Poverty and food security – a precarious balance for rural households
Social protection, nutrition and food security are intrinsically linked by the fact that poverty (and the inadequate quantity, quality or access to human, economic and institutional resources it implies) is a root cause and core driver of malnutrition. Poverty disproportionately affects rural populations: globally around 80% of extreme poor live in rural areas. In Europe and Central Asia, poor households account for 66% of rural residents (FAO et al. 2020). While producing more than 80% of the world’s food in terms of value and diversity, the rural poor and smallholder farmers often themselves remain food insecure (FAO 2016).
Livelihoods and potential pathways out of poverty, food insecurity and malnutrition of vulnerable rural populations largely depend on agriculture, agroecological systems and natural resources (FAO 2019). Therefore, they frequently become subject to risks and shocks, including animal pests, loss of harvests due to weather conditions or natural disasters. They also face difficulties in accessing markets as their production volumes remain insufficient and frequently have limited access to insurance, credit, land, labour and logistics. As a result, poor rural households often adopt “low-risk low-return” livelihood strategies that reduce their income-earning potential (FAO 2016), thus limiting the avenues they can take towards stronger food security and improved nutrition.
Hence, the production and consumption decisions of poor rural households are significantly linked to each other. Risks and challenges faced in their income-generating activities also affect their social and economic decisions. This means that they may have to take actions that have detrimental long-term effects on development outcomes (Dorward et al 2006) such as, for example, cutting down on food consumption, opting for staple rather than cash or nutrition-dense crops, investing less in health or education to spend more on food or spend more time to produce food. These short-term measures, in turn, often trap poor smallholders in inter-generational cycles of poverty, undermining their food and nutrition security and accentuating their vulnerability to future risks (Dorward et al 2006).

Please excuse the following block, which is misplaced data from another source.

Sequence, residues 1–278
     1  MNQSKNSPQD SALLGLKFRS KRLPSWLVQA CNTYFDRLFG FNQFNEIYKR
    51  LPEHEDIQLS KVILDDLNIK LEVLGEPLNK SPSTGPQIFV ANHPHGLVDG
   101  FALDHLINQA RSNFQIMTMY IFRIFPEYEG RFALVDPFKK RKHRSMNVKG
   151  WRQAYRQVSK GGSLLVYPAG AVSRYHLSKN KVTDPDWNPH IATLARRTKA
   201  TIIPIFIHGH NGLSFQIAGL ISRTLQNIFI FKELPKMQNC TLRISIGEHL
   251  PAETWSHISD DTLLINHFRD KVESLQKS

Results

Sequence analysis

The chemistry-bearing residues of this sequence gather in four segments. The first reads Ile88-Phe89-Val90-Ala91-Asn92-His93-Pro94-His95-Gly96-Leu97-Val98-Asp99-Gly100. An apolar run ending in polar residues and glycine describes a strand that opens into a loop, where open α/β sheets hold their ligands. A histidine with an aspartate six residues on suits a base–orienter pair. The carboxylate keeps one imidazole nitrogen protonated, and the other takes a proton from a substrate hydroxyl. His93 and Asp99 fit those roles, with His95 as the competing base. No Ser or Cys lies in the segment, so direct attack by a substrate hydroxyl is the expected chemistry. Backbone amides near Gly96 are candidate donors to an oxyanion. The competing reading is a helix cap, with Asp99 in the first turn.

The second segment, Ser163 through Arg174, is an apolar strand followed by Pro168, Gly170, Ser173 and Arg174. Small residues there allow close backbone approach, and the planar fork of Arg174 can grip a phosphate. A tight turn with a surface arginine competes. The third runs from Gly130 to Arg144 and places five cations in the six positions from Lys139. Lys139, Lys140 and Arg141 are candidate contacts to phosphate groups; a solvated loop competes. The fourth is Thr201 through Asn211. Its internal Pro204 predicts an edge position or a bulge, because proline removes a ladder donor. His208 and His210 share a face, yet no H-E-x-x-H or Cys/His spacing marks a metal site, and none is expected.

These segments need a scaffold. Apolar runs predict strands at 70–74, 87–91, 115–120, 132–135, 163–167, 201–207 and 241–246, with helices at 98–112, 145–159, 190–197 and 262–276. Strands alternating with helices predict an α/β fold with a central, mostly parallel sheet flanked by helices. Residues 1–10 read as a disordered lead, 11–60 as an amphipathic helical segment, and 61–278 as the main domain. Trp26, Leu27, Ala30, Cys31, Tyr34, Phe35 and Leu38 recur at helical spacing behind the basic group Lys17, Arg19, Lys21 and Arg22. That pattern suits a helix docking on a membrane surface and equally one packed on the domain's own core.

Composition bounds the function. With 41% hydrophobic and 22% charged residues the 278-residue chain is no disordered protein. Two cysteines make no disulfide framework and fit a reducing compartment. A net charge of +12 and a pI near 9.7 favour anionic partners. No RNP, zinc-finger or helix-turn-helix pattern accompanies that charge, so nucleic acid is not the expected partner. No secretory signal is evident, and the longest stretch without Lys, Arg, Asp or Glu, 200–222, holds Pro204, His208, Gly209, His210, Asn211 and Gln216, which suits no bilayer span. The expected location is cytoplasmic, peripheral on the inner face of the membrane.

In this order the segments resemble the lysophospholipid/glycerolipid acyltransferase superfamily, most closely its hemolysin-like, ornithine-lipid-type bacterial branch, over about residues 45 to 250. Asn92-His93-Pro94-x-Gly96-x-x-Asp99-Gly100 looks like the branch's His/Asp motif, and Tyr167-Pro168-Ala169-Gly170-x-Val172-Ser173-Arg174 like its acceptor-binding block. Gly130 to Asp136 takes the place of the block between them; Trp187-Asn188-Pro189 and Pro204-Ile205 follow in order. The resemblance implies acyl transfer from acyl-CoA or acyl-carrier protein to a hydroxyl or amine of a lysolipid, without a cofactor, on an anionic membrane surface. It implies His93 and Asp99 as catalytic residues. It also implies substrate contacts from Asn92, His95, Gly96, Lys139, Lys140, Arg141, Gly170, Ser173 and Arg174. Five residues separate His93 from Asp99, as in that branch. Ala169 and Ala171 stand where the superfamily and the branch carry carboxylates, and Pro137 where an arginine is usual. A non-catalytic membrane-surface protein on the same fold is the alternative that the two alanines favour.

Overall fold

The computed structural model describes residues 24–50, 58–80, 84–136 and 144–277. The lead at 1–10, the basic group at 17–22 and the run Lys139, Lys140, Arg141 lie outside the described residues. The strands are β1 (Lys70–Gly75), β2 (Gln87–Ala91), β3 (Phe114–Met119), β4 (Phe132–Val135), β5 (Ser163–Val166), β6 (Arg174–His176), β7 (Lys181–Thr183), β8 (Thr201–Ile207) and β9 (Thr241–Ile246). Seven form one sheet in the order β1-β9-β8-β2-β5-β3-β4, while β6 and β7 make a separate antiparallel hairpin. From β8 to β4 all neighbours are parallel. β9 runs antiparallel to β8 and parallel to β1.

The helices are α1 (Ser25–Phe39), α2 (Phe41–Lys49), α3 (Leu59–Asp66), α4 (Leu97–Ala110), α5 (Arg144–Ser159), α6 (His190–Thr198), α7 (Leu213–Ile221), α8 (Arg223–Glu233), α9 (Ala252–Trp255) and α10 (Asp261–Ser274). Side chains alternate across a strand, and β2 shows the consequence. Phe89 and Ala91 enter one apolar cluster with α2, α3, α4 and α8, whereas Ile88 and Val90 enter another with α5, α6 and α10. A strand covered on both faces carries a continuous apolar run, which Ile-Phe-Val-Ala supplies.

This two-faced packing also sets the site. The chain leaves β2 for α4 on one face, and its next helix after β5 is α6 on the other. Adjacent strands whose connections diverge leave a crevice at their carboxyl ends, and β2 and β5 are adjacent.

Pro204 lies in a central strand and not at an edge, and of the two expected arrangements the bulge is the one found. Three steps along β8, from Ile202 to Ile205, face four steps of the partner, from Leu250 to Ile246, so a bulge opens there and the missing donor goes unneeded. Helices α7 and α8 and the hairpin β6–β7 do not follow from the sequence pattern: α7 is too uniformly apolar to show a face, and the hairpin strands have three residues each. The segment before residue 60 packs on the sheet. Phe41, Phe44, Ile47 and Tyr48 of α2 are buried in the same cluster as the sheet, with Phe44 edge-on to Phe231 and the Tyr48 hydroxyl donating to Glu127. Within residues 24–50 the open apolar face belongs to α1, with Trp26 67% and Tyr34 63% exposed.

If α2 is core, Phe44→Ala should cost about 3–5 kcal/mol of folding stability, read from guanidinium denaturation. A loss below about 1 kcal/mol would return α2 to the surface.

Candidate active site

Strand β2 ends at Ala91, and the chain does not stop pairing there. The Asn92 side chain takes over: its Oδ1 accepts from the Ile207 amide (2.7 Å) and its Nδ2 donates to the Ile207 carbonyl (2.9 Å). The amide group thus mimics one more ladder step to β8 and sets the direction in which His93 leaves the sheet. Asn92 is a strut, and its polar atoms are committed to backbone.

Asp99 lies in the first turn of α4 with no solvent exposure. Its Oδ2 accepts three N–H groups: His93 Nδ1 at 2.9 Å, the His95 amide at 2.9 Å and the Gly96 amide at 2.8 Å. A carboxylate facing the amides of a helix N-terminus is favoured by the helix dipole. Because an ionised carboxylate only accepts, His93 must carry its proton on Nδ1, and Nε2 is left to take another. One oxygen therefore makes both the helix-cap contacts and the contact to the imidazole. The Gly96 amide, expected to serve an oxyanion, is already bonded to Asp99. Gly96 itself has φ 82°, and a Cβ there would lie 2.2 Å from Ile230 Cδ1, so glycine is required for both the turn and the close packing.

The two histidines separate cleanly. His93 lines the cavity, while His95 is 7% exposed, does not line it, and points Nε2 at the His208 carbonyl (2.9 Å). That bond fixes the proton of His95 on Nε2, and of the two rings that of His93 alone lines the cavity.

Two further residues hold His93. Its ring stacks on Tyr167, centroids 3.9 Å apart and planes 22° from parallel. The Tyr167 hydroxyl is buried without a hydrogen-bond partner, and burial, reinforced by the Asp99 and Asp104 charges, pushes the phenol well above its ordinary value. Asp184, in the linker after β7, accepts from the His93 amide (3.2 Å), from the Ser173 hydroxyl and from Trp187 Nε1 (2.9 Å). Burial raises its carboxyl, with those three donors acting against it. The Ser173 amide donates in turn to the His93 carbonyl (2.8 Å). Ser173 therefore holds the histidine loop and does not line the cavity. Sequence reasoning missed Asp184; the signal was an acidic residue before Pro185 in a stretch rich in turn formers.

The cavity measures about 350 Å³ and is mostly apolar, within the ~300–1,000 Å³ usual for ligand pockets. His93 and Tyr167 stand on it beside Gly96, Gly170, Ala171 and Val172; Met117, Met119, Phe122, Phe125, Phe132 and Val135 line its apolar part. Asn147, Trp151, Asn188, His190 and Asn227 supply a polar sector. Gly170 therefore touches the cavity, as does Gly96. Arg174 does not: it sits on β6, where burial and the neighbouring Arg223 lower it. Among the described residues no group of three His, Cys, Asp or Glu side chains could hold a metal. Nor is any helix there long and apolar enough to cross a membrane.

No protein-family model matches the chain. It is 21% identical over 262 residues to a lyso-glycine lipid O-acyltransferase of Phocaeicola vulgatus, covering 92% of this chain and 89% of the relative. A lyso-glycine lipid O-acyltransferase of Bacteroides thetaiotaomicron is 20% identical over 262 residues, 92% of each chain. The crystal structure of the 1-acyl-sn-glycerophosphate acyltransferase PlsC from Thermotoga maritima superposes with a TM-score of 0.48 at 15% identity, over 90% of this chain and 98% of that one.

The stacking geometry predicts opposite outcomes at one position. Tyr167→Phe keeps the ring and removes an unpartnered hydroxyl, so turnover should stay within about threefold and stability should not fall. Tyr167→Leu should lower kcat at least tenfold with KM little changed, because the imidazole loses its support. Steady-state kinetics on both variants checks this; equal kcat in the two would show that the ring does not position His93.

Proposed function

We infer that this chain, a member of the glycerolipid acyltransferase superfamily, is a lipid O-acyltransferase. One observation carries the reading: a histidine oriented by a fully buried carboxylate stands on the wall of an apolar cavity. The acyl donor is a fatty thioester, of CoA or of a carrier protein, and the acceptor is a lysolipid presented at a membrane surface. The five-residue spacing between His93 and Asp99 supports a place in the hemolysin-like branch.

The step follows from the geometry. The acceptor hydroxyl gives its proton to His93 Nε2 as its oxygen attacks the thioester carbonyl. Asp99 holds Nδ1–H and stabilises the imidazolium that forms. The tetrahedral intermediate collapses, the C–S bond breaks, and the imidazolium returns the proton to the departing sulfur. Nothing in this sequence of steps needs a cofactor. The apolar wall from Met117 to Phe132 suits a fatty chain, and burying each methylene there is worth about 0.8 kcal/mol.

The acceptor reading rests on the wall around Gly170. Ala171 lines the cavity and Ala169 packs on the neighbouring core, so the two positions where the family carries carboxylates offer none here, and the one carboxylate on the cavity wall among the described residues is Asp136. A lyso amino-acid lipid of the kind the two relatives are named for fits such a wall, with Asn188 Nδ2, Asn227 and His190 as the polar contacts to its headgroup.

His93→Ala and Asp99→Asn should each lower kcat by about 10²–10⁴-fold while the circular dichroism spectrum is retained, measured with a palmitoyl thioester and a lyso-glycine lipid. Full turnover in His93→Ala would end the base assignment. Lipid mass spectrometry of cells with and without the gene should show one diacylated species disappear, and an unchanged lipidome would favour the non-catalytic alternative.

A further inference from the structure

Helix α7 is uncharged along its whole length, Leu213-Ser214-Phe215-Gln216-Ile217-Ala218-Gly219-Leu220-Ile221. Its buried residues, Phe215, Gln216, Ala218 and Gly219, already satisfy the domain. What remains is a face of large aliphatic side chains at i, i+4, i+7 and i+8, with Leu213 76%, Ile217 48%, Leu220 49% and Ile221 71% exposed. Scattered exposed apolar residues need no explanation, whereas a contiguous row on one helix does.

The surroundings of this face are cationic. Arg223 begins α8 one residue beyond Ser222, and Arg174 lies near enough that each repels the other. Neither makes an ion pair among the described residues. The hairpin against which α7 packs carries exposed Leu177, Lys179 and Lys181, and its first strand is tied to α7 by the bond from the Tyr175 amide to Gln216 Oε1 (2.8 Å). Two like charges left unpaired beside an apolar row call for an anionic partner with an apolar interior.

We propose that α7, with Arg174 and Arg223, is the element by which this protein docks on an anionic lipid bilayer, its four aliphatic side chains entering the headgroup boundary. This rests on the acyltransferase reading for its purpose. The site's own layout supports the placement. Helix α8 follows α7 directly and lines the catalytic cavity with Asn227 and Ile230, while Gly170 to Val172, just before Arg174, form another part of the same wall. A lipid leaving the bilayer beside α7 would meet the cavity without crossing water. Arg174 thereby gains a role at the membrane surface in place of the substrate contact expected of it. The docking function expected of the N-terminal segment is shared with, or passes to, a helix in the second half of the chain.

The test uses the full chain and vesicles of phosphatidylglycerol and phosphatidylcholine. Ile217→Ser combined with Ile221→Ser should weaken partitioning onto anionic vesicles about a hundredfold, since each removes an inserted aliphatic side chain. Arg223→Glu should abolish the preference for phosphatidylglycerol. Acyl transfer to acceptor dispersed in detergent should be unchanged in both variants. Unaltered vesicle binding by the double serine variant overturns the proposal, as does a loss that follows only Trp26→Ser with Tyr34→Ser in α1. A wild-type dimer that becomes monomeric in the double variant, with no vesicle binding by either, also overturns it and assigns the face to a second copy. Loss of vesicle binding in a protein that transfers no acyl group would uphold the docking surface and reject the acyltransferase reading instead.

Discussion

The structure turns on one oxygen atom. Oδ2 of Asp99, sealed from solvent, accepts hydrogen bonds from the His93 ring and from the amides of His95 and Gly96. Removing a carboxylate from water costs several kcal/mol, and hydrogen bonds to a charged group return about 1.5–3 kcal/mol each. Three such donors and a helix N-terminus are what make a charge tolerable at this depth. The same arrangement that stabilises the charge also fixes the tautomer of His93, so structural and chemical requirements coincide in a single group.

Leveraging social protection to improve food security of the rural poor
Despite the rapid expansion of social protection programmes globally over the past two decades, their coverage has not extended enough to reach most of the world’s population, especially those in rural areas. Smallholders and rural poor are frequently eligible to, or even sometimes covered, with some form of social protection, mostly social assistance. However, due to the various legal, financial, administrative and institutional barriers they cannot access or duly benefit from it (Allieu and Ocampo 2019), which further exacerbates existing risks and often increase their vulnerability to future risks.
Evidence generated in recent years points to social protection’s positive impacts on nutrition, food security and productivity of the most vulnerable households in rural areas (FAO 2015). Access to predictable, regular and sizable social protection programs (such as cash transfers) can increase the purchasing power and agricultural production potential for such households (FAO 2017). In addition to the direct contributions to the diversity, safety and quantity of food consumed by each individual, social protection can also influence other determinants of malnutrition, for instance, practices related to care, sanitation and education. This is particularly critical in rural areas as such improvements can address the immediate and underlying causes of malnutrition.
Equally, by sustaining income security social protection has the potential to address the basic causes of malnutrition of the rural poor, such as inadequate access to resources, including land, education, employment or technologies (FAO 2015). Social protection also generates productive and economic impacts, promoting investment in agricultural activities, purchase of agricultural inputs, and moving from casual labour to wage labour at on- or off-farm enterprises (Davis et al 2016).
Besides attributing to positive food security and productive impacts at the household level, social protection can also stretch its influence on the community as a whole. Social protection enhances liquidity and trade at a local economy level and stimulates demand for goods, including food, thus indirectly influencing food security. This, in turn, impacts the income-generating capacity of non-beneficiaries and, subsequently, creates local economic multiplier effects (Ajemian 2014).
Despite suggestive evidence on the local economic multiplier, to maximize the impact of social protection on both households and communities, it is crucial to understand whether markets can support higher demand. Otherwise, the prospect of generating better outcomes is lost to a rise in demand that negatively impacts rural households benefitting from social protection programmes as well as non-beneficiaries purchasing power (Ajemian 2014).